Editorial: Safety of co-prescribing NSAIDs with multiple antihypertensive agents
Patients who take a triple combination of blood pressure drugs and common painkillers are at an increased risk of serious kidney problems, especially at the start of treatment, finds a study published on bmj.com today.
Although the absolute risk for individuals is low, it is still something doctors and patients should be aware of, say the researchers.
Acute kidney injury (also known as kidney failure) is a major public health concern. It occurs in more than 20% of hospital inpatients and is associated with around half of all potentially preventable deaths in hospital. It is often triggered by adverse reactions to drugs, but little is known about the safety of different drug combinations.
So a team of researchers from the Jewish General Hospital and McGill University in Montreal, Canada, set out to assess whether certain combinations of drugs to lower blood pressure (antihypertensive drugs) and non-steroidal anti-inflammatory drugs (NSAIDs) are linked to an increased risk of kidney injury.
These drugs are commonly prescribed together, particularly in elderly people with several long term conditions.
Using the world’s largest computerised database of primary care records (CPRD), they identified 487,372 people who received antihypertensive drugs between 1997 and 2008. Drugs included angiotensin converting enzyme (ACE) inhibitors, angiotensin receptor blockers (ARBs) and diuretics, with NSAIDs.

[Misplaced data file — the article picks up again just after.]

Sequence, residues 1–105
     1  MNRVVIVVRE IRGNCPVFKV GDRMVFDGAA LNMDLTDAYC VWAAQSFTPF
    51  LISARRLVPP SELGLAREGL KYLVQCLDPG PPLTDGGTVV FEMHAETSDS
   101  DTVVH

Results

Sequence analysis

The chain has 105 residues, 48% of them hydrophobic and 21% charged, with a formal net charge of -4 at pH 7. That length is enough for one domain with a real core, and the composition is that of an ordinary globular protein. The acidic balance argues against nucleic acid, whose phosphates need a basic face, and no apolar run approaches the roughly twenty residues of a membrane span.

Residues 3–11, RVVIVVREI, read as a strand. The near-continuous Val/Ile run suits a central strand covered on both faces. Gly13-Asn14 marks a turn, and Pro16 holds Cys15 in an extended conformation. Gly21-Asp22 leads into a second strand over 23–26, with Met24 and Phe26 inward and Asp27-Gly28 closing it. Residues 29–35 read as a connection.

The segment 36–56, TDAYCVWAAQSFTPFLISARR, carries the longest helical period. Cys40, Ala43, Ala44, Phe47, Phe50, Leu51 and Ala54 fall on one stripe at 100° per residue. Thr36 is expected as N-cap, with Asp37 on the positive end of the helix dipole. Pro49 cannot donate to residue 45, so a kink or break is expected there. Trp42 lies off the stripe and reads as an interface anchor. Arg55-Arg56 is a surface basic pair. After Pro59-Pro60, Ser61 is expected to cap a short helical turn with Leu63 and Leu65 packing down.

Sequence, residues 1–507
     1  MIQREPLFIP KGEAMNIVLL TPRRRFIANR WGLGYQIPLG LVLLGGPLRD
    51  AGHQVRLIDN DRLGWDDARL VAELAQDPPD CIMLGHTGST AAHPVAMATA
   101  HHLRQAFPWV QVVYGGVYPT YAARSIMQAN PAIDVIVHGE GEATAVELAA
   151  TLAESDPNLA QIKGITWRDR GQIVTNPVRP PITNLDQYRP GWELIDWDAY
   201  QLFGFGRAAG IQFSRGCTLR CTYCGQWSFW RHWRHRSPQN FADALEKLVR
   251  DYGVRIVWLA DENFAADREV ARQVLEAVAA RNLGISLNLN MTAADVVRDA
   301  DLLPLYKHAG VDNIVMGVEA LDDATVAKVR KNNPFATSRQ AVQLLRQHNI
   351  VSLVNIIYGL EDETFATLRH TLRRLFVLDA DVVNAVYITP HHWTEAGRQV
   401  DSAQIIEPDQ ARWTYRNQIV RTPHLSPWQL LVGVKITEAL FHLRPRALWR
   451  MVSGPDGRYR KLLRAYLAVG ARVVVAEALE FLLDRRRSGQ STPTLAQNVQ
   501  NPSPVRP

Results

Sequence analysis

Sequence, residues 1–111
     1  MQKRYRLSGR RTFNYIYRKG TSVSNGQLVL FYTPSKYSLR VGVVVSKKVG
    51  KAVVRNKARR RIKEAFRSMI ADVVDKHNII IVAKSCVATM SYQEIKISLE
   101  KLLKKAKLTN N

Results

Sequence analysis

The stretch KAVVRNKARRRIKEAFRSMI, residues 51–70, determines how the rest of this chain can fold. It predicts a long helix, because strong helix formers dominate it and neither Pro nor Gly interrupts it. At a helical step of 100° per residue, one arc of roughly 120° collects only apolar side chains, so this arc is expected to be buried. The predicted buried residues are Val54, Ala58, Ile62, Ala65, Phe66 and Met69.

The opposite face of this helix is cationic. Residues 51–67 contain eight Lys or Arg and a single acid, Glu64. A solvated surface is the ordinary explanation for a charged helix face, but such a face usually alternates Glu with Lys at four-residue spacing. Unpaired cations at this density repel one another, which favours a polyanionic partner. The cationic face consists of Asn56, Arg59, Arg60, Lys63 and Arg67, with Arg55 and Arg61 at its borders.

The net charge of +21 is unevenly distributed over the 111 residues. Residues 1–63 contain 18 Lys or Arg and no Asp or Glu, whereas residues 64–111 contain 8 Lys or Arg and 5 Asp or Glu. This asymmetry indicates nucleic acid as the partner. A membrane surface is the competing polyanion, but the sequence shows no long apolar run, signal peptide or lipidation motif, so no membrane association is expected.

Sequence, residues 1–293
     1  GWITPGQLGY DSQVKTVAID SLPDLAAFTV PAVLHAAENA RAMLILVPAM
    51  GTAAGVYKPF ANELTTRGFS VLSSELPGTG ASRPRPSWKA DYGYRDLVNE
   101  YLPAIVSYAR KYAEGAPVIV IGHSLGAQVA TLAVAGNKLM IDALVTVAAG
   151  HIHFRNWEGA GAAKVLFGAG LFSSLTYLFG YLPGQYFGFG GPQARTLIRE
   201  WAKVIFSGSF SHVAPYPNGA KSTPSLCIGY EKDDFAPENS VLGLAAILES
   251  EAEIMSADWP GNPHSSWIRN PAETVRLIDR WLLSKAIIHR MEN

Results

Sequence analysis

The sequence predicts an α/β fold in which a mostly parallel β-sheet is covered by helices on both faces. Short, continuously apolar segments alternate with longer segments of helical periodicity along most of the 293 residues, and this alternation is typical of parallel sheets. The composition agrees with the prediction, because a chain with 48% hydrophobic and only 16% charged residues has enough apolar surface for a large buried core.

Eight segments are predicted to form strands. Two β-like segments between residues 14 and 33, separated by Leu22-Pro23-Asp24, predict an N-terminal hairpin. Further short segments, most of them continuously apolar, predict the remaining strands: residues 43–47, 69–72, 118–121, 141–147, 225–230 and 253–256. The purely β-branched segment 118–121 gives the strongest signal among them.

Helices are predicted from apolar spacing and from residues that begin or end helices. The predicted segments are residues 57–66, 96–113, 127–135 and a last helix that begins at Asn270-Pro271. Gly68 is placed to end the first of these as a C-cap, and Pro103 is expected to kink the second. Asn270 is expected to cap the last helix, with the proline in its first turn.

Patients were tracked for nearly six years, during which time 2,215 were diagnosed with acute kidney injury that prompted admission to hospital or dialysis (7 in 10,000 person years).
The results show that patients taking a double therapy combination of either a diuretic or an ACE inhibitors or ARB with an NSAID were at no increased risk of kidney injury. However, a triple therapy combination of a diuretic with an ACE inhibitor or ARB and an NSAID was associated with a 31% higher rate of kidney injury, particularly elevated in the first 30 days of treatment during which it was 82% higher.
These results remained consistent after adjusting for confounding factors and controlling for other potential sources of bias.
The authors conclude that, “although antihypertensive drugs have cardiovascular benefits, vigilance may be warranted when they are used concurrently with NSAIDs.” They add: “In particular, major attention should be paid early in the course of treatment, and a more appropriate choice among the available anti-inflammatory or analgesic drugs could therefore be applied in clinical practice.”
In an accompanying editorial, researchers at the London School of Hygiene and Tropical Medicine say this study “is an important step in the right direction” but “probably underestimates the true burden of drug associated acute kidney injury.”
They suggest that clinicians advise patients of the risks and be vigilant for drug associated acute kidney injury, and say “the jury is still out on whether double drug combinations are indeed safe.”